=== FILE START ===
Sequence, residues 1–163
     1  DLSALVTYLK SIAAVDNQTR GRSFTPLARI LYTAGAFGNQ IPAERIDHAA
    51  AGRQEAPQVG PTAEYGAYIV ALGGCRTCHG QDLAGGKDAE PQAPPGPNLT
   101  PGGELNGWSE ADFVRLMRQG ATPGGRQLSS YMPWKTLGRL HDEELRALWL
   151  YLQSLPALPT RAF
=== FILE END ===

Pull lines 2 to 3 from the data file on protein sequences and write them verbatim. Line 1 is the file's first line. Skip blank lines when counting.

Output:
     1  DLSALVTYLK SIAAVDNQTR GRSFTPLARI LYTAGAFGNQ IPAERIDHAA
    51  AGRQEAPQVG PTAEYGAYIV ALGGCRTCHG QDLAGGKDAE PQAPPGPNLT